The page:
"Of mutual trust, or concord, what hope is there? They wish to be lords, you desire to be free; they seek to inflict injury, you to repel it; they treat your allies as enemies, your enemies as allies. With feelings so opposite, can peace or friendship subsist between you ? I warn, therefore, and exhort you, not to allow such enormous dishonesty to go unpunished. It is not an embezzlement of the public money10 that has been committed; nor is it a forcible extortion of money from your allies; offenses which, though great, are now, from their frequency, considered as nothing; but the authority of the senate, and your own power, have been sacrificed to the bitterest of enemies, and the public interest has been betrayed for money, both at home and abroad; and unless these misdeeds be investigated, and punishment be inflicted on the guilty, what remains for us but to live the slaves of those who committed them For those who do what they will with impunity are undoubtedly kings.11

"I do not, however, wish to encourage you, O Romans, to be better satisfied at finding your fellow-citizens guilty than innocent, but merely to warn you not to bring ruin on the good, by suffering the bad to escape. It is far better, in any government, to be unmindful of a service than of an injury ; for a good man, if neglected, only becomes less active; but a bad man, more daring. Besides, if the crimes of the wicked are suppressed,12 the state will seldom need extraordinary support from the virtuous."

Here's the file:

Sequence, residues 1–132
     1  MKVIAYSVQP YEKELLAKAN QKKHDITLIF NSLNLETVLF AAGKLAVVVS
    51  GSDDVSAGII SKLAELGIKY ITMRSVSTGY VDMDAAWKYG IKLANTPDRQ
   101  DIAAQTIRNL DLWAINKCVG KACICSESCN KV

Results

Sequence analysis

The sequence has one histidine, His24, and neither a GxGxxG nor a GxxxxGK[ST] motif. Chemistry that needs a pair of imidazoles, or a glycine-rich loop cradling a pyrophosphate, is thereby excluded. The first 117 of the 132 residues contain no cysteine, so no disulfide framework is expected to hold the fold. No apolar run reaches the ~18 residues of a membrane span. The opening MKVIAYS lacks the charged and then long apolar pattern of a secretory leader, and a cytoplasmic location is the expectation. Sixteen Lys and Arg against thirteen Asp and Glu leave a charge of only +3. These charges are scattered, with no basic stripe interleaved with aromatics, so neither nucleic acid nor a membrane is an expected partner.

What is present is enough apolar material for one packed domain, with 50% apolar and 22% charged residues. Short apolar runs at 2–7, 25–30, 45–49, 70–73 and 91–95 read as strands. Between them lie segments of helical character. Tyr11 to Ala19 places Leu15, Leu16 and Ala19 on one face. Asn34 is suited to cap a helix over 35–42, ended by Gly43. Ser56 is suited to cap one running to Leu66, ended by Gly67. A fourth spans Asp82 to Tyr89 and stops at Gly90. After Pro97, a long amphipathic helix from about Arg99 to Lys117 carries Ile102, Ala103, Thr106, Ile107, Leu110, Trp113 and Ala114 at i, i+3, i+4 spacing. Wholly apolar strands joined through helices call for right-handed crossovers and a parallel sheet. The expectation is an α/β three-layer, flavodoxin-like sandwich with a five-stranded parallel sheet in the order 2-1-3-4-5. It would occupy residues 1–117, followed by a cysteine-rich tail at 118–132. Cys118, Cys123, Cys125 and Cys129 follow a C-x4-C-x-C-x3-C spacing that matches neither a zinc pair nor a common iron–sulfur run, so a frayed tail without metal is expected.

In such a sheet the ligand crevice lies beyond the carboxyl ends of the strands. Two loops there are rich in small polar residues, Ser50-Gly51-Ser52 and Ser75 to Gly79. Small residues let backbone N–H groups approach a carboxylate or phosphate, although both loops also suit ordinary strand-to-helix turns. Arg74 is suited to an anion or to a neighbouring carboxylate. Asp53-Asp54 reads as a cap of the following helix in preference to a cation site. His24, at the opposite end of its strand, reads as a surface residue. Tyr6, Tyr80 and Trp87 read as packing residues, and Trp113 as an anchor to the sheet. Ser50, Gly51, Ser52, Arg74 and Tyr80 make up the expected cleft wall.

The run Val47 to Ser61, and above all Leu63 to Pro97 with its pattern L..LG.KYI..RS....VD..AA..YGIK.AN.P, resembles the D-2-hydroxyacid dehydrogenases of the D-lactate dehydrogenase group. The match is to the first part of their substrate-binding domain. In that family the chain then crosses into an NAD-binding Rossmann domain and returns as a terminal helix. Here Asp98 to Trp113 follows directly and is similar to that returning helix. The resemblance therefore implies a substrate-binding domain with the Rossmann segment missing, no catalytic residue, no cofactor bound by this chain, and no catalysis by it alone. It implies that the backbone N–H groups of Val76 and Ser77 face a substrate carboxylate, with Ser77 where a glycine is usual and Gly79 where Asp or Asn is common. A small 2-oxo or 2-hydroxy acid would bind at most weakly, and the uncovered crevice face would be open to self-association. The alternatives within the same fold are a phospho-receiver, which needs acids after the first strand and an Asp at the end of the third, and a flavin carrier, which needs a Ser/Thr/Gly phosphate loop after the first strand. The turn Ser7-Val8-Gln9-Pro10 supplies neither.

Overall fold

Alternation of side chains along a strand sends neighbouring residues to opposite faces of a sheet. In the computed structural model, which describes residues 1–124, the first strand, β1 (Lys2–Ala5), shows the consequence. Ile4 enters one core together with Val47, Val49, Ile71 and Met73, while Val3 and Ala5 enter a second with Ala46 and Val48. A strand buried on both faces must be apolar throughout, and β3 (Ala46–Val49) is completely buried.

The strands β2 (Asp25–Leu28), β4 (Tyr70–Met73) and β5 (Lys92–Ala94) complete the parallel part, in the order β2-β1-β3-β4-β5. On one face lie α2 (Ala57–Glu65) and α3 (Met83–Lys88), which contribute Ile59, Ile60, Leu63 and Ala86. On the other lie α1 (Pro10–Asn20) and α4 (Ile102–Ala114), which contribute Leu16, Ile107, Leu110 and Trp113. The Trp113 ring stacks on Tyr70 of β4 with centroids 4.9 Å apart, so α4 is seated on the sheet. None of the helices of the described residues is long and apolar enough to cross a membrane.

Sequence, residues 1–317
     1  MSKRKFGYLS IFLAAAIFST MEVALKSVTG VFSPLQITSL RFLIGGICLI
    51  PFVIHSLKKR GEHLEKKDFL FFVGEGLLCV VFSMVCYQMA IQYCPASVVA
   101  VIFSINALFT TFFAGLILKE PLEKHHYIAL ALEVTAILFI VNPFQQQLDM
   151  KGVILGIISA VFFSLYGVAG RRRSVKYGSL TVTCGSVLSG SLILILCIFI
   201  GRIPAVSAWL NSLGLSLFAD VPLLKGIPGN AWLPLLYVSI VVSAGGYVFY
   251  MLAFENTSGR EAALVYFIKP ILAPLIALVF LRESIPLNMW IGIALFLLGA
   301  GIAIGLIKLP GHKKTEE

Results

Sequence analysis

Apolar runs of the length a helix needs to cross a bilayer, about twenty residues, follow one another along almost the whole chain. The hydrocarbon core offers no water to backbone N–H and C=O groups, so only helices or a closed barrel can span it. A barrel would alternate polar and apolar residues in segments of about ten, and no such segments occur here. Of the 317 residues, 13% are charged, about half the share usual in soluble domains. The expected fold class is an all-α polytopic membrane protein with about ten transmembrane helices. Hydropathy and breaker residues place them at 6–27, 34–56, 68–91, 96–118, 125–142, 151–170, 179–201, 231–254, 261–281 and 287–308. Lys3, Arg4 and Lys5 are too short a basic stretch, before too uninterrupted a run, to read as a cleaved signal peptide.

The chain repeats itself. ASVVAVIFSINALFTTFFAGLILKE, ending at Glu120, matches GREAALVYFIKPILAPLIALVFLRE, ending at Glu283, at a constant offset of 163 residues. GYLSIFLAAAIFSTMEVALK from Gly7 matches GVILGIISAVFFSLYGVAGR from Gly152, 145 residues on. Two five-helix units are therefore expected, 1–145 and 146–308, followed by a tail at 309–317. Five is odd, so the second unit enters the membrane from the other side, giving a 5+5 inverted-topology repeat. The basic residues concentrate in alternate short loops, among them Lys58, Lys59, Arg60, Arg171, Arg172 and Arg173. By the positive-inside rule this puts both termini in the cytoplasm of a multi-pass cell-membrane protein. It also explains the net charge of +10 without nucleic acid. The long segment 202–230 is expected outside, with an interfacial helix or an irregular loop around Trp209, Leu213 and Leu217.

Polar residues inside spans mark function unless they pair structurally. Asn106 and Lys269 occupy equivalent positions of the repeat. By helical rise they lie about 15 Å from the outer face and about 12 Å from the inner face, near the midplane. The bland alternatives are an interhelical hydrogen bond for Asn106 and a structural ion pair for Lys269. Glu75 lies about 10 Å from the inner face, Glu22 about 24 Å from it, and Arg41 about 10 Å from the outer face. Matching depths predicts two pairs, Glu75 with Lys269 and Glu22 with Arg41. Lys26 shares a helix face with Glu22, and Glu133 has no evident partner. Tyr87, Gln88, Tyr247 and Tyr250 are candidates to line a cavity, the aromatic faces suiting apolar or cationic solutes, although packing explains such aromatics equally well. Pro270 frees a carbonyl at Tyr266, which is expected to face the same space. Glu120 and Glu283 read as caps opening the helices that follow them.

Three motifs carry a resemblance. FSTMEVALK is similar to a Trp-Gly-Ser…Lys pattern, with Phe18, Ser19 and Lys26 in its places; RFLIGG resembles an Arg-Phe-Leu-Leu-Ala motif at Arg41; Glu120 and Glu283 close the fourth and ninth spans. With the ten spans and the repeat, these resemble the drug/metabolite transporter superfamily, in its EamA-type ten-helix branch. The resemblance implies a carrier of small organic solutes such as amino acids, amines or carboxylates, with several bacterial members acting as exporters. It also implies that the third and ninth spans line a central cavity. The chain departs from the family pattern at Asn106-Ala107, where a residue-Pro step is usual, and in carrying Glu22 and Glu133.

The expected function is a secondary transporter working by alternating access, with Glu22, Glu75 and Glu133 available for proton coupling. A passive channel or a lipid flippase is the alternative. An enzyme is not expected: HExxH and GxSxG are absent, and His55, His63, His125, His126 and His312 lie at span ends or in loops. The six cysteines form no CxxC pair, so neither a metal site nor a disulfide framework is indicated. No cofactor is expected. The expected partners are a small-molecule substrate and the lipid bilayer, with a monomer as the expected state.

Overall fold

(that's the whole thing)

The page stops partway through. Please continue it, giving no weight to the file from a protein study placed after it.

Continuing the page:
1 XXXI. During the last fifteen years] “His annis quindecim.” “"It was at this time, A.U.C. 641, twenty-two years since the death of Tiberius Gracchus, and ten since that of Caius; Sallust, or Memmius, not to appear to make too nice a computation, takes a mean."” Bernouf The manuscripts however, vary; some read fifteen, and others twelve. Cortius conjectured twenty, as a rounder number, which Kritzius and Dietsch have inserted in their texts. Twenty is also found in the Editio Victoriana, Florence, 1576.

2 Your defenders have perished] “Perierint vestri defensores.” Tiberius and Caius Gracchus, and their adherents.

3 Liberty of speech] “Libertatem.” Liberty of speech is evidently intended.

4 Every civil and religious obligation] “Divina et humana omnia.” “"They offended against the laws, when they took bribes from an enemy ; against the honor of Rome, when they did what was unworthy of it, and greatly to its injury; and against gods and men, against all divine and human obligations, when they granted to a wicked prince not only impunity, but even rewards, for his crimes."” Dietsch.

5 Slaves purchased with money, etc.] “Servi, œre parati,” etc. This is taken from another speech of Cato, of which a portion is preserved in Aul. Gell. x. 3: Servi injurias nimis œgre ferunt; quid illos bono genere natos, magnâ virtute prœditos, animi habuisse atque habituros, dum vivent? "Slaves are apt to be too impatient of injuries; and what feelings do you think that men of good family, and of great merit, must have had, and will have as long as they live ?"